JAKARTA – It isn’t often that a teenage girl sways the might of the 300,000-strong Indonesian Army, but that’s what Faye Simanjuntak did in helping to bring an end to the senior service’s controversial practice of conducting virginity tests on female recruits.
Still waiting to see if he will earn promotion to commander of the Indonesian Armed Forces (TNI), body-building Army Chief of Staff General Andika Perkasa took the populist road this week by finally scrapping the tests, which go back more than five decades.
Andika had signaled his intention in June when he declared the recruitment process for males and females had to be made equal. “Whether the hymen was ruptured or partially ruptured was part of the examination,” he told reporters. “Now there is no more of that.”
It has taken the separate but concentrated efforts of the National Commission on Violence Against Women (KP), the Indonesian chapter of Human Rights Watch, military doctors, military wives and the children of service personnel to convince the armed forces to move with the times.
The 19-year-old Faye became involved in the campaign four years ago. As she told Asia Times: “Not yet with an organized strategy, but more of a crazed teenage guerilla tactic that was made up of ambushing every military-related person I met with demands to understand why these tests were still implemented.”
Using her popular Instagram account, she was uniquely placed to push the case. She is the daughter of Major-General Maruli Simanjuntak, the former commander of the Presidential Security Force and the current chief of the Bali-based Nusa Tenggara regional command.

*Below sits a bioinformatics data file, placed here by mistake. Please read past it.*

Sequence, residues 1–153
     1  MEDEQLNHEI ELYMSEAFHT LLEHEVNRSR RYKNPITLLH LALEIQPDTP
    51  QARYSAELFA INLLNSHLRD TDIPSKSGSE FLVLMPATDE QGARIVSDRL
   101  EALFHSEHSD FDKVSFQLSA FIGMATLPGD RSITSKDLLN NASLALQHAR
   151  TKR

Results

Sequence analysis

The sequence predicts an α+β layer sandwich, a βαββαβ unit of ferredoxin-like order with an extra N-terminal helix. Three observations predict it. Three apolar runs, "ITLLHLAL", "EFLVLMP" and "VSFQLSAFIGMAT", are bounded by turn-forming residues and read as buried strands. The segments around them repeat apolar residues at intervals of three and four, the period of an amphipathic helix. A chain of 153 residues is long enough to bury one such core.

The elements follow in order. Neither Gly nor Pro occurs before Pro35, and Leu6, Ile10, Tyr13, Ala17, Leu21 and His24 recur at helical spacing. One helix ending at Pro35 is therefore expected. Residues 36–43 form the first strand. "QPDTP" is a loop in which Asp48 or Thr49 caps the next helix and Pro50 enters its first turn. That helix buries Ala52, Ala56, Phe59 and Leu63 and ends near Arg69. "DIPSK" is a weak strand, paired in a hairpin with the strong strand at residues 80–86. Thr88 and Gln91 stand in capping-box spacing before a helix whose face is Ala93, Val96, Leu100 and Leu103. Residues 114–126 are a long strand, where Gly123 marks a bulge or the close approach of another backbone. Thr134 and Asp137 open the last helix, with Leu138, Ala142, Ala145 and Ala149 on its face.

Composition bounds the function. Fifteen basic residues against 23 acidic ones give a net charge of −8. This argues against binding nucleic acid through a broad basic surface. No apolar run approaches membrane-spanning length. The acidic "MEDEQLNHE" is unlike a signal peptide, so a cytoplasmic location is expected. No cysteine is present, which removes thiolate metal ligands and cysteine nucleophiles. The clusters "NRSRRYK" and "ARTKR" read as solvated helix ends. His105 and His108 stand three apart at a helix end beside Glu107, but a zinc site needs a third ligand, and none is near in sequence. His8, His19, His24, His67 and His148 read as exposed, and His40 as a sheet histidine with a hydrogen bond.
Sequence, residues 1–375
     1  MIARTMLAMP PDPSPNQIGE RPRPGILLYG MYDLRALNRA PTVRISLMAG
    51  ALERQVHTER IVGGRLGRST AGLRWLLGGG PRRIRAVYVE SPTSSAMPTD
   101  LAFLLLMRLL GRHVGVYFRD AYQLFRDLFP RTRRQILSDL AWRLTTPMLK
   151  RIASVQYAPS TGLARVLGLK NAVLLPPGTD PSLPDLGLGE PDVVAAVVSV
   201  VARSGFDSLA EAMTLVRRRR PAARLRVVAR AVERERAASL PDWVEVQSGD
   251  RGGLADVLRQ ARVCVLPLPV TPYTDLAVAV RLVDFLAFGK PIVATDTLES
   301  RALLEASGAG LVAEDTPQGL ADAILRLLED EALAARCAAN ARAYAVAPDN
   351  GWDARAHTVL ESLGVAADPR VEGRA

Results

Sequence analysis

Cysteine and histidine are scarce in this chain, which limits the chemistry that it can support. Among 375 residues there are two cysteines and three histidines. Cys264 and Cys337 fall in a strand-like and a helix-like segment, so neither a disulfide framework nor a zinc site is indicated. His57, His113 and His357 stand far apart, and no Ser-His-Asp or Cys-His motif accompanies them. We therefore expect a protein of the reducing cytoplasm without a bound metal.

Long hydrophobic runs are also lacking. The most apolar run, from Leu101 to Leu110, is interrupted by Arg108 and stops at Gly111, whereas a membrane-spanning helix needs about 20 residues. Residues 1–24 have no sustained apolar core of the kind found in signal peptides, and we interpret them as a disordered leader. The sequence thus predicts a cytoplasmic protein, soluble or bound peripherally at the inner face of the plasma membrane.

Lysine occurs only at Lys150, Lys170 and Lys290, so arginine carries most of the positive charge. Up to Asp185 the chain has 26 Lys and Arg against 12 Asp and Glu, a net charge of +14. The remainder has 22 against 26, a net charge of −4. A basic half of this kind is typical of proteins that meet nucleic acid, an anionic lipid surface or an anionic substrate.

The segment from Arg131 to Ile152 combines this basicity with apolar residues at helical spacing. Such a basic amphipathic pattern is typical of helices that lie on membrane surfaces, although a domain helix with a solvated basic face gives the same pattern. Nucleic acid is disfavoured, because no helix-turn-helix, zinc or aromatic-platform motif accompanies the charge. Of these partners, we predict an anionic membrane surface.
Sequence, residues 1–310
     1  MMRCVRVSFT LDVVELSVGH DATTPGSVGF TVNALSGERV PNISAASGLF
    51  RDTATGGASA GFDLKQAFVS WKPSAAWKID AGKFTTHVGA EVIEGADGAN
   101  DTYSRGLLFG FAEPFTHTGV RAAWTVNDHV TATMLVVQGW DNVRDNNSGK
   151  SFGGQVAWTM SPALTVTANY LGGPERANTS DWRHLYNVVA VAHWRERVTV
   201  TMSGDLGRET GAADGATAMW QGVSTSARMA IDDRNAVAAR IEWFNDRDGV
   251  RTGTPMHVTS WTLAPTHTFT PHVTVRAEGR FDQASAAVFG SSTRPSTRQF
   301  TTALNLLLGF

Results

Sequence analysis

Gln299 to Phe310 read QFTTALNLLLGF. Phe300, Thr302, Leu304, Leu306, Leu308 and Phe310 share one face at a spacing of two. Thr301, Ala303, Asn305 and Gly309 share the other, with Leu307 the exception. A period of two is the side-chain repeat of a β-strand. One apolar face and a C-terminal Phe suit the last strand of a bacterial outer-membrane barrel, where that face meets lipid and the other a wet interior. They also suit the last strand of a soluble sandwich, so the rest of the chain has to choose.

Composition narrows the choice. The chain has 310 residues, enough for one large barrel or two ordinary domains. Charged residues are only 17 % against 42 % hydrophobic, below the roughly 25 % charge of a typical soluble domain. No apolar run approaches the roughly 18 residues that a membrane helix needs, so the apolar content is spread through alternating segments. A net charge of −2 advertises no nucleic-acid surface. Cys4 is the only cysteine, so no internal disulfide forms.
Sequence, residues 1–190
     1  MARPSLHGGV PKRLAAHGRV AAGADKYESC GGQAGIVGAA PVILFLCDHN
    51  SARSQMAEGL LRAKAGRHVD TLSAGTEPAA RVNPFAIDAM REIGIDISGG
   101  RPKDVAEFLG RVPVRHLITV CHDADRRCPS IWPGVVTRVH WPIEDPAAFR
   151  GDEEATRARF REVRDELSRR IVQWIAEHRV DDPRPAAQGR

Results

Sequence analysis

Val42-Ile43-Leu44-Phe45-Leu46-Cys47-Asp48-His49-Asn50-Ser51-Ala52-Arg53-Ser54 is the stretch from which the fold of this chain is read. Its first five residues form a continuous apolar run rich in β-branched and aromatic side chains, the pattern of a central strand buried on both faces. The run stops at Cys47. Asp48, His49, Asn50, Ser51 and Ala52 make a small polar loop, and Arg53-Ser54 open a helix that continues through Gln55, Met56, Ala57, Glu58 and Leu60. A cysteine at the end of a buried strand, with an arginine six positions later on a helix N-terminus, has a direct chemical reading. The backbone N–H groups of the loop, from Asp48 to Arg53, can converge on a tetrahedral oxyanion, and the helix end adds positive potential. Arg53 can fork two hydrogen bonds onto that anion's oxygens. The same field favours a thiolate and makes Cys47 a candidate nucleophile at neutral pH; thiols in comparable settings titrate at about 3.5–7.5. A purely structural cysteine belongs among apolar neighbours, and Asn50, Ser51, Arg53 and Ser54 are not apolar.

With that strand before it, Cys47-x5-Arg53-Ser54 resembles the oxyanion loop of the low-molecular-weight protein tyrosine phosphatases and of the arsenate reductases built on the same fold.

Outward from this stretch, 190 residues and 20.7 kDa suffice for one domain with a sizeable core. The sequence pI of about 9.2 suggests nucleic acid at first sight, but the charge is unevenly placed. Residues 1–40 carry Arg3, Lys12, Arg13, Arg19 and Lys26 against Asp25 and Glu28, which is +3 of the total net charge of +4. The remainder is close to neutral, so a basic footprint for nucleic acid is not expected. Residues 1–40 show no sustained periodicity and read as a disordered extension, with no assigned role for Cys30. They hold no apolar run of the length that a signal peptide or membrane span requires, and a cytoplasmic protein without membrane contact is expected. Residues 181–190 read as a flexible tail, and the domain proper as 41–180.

She is also the fiercely independent granddaughter of powerful Maritime Affairs and Investment Minister Luhut Panjaitan, himself a former four-star special forces general who did nothing to discourage the young campaigner, even helping her initiate discussions with some of his colleagues on a practice she describes as “detestable.”
He clearly has a soft spot for the girls in the family. It was Kerri, the youngest of his two daughters, who persuaded him to sell timber from a forest concession he owned in Kalimantan to a furniture maker called Joko Widodo instead of wasting it on pulp and paper.
An activist against child trafficking since she was 13, Faye is a graduate of the prestigious Jakarta Intercultural School and is currently studying for her bachelor’s degree at the University of Georgetown’s School of Foreign Service in Washington DC.
She says she regrets the change has come so late, “but the sense of relief is incredible. After hearing the news I couldn’t stop crying because it was just unbelievable. Now I would like to see this implemented properly throughout the country.”
Faye has told friends that without exception, all the female soldiers she came across during the course of her campaign had been subjected to virginity tests. She now believes there should be accountability for those who have defended the practice in the past.
Once part of the military chain of command, the Indonesian National Police quietly ended the tests in 2015, a year after New York-based HRW first raised the issue, describing it as “abusive, degrading and discriminatory.
”Women make up about 15% of Indonesia’s 400,000 service personnel, but the highest percentage are in the navy and air force, which have yet to follow Perkasa’s lead. Says HRW’s Indonesian director, Andreas Harsono: “If there aren’t other factors, I think they will.”
Virginity tests, which are also common in Egypt, India and Afghanistan, have long been recognized as a violation of human rights under the International Covenant on Civil and Political (ICPPR) and Civil Rights and the Convention against Torture, both of which Indonesia has ratified.